are HO and 1:87 the same thing?

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#1
the past few weeks I've picked up a few 1:87 scale vehicles, the prices were right so I blindly purchased them for that reason, I took one item home and it seemed like the dimensions were off,

I purchased a Greyhound bus ($16...can't beat that) but I took it home and compared it to a few things I have, it seemed short and narrow though. and a few days ago I picked up a 1:87 Scale Loves Tanker. ($10, I should have bought 2)

but are HO and 1:87 the same? I've read somewhere that its actually 1:87.1, what difference will that .1 make?

i'll post pictures in a few seconds, y'all be impressed with the details
 

HOexplorer

Well-Known Member
#3
I'm no math major but .1 in a Greyhound bus may be an inch or so. Not enough to have you make a comment about it. I guess all you can do is find out the dimensions of the bus and measure for yourself. To actually answer your question I would have to say that HO is indeed 1:87. Jim:)
 

NH Mike

CEO & Wheel Cleaner
#5
I've noticed that 1:87 is a bit flexible for vehicles and is more of a nominal size not an exact size. Some measure out a bit small while others measure out slightly bigger in one dimension or another. Since they are accessory and scenic items I don't get too concerned about it. Alloy Forms and Model Power both have 1:87 1955 Chevys. Side by side they are not the exact same size. Separate them by a few feet and they look just fine.
 

Rico

BN Modeller
#6
HO and 1:87 scale should be the same, manufacturers do take a little liberty in dimensions at times.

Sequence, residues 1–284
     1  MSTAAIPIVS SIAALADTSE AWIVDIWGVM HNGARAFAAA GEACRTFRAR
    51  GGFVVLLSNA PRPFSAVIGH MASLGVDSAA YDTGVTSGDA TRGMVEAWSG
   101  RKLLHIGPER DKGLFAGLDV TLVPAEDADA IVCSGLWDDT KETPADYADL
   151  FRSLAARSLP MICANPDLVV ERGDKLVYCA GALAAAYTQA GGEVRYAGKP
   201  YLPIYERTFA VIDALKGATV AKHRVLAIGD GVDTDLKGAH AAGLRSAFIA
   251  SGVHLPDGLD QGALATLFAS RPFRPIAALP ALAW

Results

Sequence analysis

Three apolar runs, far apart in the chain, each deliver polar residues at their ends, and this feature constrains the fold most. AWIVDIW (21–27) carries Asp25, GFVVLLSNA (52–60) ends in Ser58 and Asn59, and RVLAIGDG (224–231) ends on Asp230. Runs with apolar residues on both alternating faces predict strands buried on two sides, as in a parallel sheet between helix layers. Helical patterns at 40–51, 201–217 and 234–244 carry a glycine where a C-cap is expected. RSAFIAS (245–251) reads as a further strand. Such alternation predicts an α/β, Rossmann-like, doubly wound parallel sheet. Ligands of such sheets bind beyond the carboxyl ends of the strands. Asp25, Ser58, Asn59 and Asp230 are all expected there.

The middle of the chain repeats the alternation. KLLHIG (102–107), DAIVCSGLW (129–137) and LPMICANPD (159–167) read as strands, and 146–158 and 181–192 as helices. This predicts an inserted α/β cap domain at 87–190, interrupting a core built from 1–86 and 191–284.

Yes a newer bus as you have would be around 9'6" or so, there'd be at least 6'6" cabin space and somewhere around 3' cargo and structure.
(more or less)
 

Selector

Well-Known Member
#8
I have encountered a LOT of variance in the supposed HO scale world. For the most part, the trains are accurate to within 94%+, but human figurines, water vessels not meant to be fine models, and vehicles are all over the map. A modern Greyhound bus should be the better part of 133 inches tall, or about 1.5" tall in scale.
 
#9
I guess we've just got to work with what we have. So stuff that is underscale goes to the back and the over scale stuff to the front. That will force perspective a bit and add some depth to te scene.


On a tangent, HO scale (half O scale) was always an odd term. O scale had at least three scales, 1:43.5, 1:45, and 1:48. Now, oddly, 1:87 is half 1:43.5, or half the UK O scale. Yet British modelers use 1:76 scale (OO). The US O scale is 1:48 but US modelrs use 1:87 as 'half O'. Logic would suggest the UK modeler ought consider 1:87 as half O, and the US modeler ought consider 1:96 as half O.

Anyway, I guess tradition was never big on the consistency thing.
 
#10
G'day...Sometimes it confuses people when you tell them that HO is 1:87 , OO is 1:76 but they share the same track width..Here in Australia that happens a lot. If you end up buying accidentally a vehicle or even rolling stock container by OO it looks ridiculous..it really does..I've done it a couple of times , just not double checking first..A useless bit of information..1:87 scale , 1:160 scale , even more so.. but with dimensions...I'll use HO....as example... theoretically if you took 87 models and put them end to end ,that should be the length of the prototype , but scale weight would mean that each model would have to weigh way more than a family car...a big SD70 or ES44 etc are about 170-180 tons.., divide that by 87 and you're looking at about 2 tons each...How crazy is that ?....so one day we'll calculate the actual weight ratio of a model locomotive..how good is someone's maths.... Cheers Rod...